If you’re suffering from food poisoning, it’s best to let it run its course rather than clogging yourself up with Imodium, but there are some situations where it just isn’t possible to do so. I’m talking flights, long bus journeys, booked tours, and anything that requires you to leave the bathroom. A large supply of Imodium is something I always have in my backpack for these emergencies.
It was wonderful reading your blog. The tips are informative and very helpful. I totally agree with points 2 and 6. During my previous tours, I had to cut visits due to lack of time. Talking to the locals can help you get a better insight into the places. During my last travel, I got good help from the locals to find the best affordable restaurants to try the local food.
Skyscanner Co-founder Bonamy Grimes has a clever solution for that desperate moment when nothing seems to make it all better: “stock up on toys, but make sure you hold back a favourite teddy that you bring out on the plane, and keep one in reserve for the way back.” There is always the risk of losing a cherished companion in transit, which is heart-breaking, so whenever you buy them a soft toy, buy two and if the worst happens, substitute New Peppa for Left-On-Plane Peppa.
Sure, you should have a rough plan for your trip, but don’t book everything in advance or you’ll likely feel too restricted and end up regretting it. Book a one-way ticket and your first few nights of accommodation — you’ll figure the rest out along the way. It’s not as intimidating as it sounds. If you’re in a tourist destination there’ll always be someone who’s willing to take your money by giving you a place to stay.
Another thing! as well as the earplugs, I would definetely suggest the sleeping mask, for those who can´t sleep unless everything is really dark, and I find it difficult to sleep on planes with the lights they keep on during the flight (I need total darkness) and this is very useful for hostels or dorms where there is always somebody turning on the lights while you are sleeping…

Initially this one may seem to add even more stress to your journey, but it does makes sense. Oksana says that for her kids, several transit flights work much better than one long haul. “Kids have time to move (run, jump) in airports, which they can’t onboard.” Probably best not use this tactic if they don’t like the take-offs and landings, or have a habit of getting lost in airports, though.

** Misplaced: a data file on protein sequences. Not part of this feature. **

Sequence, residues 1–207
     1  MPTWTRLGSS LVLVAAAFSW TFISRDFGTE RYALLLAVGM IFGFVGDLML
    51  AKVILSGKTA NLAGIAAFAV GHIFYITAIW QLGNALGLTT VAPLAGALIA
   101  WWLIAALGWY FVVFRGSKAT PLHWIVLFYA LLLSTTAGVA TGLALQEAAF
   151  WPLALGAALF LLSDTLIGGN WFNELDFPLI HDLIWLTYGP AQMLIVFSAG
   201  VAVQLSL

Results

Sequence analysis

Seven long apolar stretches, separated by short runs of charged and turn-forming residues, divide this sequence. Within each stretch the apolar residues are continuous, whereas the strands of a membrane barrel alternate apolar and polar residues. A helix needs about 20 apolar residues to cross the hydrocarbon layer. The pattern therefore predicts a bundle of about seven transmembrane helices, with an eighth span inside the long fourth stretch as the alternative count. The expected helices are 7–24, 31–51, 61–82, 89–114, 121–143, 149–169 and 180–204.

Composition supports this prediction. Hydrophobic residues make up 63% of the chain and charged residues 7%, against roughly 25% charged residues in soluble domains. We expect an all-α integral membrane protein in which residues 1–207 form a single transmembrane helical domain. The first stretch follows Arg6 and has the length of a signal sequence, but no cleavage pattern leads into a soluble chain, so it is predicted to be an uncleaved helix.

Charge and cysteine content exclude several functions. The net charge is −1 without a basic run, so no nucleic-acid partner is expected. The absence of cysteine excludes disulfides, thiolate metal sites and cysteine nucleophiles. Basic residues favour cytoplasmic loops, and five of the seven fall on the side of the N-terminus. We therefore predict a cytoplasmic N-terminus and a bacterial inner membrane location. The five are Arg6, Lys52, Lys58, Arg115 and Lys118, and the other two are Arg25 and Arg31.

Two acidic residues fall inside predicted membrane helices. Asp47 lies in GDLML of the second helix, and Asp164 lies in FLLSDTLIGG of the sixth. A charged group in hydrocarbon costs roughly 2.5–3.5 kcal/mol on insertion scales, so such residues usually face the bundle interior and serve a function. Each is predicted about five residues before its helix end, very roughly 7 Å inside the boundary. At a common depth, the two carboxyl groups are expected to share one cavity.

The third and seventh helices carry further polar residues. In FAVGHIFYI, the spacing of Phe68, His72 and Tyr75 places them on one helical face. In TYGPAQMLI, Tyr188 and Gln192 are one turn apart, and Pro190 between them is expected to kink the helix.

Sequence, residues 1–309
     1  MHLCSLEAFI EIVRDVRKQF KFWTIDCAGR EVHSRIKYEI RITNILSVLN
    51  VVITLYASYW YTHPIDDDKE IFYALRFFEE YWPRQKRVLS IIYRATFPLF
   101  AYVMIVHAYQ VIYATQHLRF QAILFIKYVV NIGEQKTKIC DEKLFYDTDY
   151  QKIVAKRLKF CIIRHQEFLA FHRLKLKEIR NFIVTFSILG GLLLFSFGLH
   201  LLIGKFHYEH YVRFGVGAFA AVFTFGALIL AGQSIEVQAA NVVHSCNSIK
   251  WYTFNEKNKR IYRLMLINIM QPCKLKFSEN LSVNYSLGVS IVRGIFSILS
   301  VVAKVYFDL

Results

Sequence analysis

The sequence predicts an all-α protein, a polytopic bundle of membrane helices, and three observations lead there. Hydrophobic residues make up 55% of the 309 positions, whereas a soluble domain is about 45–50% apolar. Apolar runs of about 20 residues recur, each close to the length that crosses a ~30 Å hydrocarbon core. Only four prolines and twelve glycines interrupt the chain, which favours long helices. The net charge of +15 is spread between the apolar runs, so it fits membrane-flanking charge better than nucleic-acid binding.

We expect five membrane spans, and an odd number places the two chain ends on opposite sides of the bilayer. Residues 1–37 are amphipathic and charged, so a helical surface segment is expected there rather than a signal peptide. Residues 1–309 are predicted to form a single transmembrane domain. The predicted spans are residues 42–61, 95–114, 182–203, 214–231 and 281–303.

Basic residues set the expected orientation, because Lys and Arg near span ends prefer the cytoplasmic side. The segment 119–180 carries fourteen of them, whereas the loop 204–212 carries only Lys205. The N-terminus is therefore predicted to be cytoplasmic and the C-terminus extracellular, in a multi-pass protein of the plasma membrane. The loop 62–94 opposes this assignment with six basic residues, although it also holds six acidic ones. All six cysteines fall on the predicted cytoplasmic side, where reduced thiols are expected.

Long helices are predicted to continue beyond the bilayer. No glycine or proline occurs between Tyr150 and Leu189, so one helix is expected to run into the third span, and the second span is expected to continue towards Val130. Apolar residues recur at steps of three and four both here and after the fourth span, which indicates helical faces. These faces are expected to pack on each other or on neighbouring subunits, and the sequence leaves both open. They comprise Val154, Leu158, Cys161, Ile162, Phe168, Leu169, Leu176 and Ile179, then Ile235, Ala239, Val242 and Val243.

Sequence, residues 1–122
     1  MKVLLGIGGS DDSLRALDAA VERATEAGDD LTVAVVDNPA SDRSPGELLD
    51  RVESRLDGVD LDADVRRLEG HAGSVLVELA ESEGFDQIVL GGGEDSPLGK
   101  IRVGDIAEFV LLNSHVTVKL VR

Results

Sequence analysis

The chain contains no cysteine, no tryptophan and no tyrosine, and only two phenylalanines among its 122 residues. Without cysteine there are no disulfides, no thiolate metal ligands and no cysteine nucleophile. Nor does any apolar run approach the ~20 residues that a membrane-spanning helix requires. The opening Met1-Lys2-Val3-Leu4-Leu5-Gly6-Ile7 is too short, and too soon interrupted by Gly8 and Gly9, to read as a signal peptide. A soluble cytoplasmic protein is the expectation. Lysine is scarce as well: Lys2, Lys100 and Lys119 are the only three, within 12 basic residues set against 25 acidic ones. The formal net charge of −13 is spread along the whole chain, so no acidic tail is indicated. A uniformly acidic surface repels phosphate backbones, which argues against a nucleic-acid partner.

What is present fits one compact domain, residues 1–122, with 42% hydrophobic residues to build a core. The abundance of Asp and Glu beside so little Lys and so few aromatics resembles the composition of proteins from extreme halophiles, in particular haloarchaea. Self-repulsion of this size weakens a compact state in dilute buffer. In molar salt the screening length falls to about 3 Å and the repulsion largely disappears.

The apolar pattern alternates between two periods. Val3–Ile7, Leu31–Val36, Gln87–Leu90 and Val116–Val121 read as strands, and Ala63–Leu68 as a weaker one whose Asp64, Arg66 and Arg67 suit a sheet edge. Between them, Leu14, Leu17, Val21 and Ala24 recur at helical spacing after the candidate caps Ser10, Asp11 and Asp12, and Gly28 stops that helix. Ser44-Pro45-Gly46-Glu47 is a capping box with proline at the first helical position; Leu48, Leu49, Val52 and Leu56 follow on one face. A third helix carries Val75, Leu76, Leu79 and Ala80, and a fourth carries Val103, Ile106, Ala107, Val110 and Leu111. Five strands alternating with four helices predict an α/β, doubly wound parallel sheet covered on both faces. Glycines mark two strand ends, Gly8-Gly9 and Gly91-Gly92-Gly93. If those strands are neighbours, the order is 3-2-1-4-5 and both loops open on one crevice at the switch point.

But alas, summer is approaching and parents around the world are planning their vacations. Well, if your destination requires a flight, and you have young kids, then you better do some advance planning. Trust me, I have learned the hard way. Having traveled on 10 overseas flights and 25 domestic flights in the past few years alone, with anywhere from 1-4 children, and once without my husband, I feel that I have acquired more experience than anyone should ever have for traveling with children on a plane.

If you have status with an airline -- or even if you don’t -- ask for exit-row seats when you arrive at the gate.  Those seats cost extra, and are most frequently the only ones left empty, even on so-called “extremely full” flights; they’re often filled by traveling flight attendants and pilots (known as Dead Heads or Non-Revs) assigned available seats at the last minute. If you ask nicely and are super polite (which, frequent flyers will tell you, is a big factor in getting free stuff) the gate agent has the power to give them to you.


Most likely about as clean as a seat on a bus or at a café table.  Aircraft are generally cleaned more diligently when they are halted for several hours but not on a quick turnaround. Your tray table probably got a wipe some time in the past 24 hours, this is not the first time your earphones have sat on a head and no, those blankets do not get laundered for every flight. Washing hands before meals is a good idea, and don't even think of padding around the cabin without footwear. 
×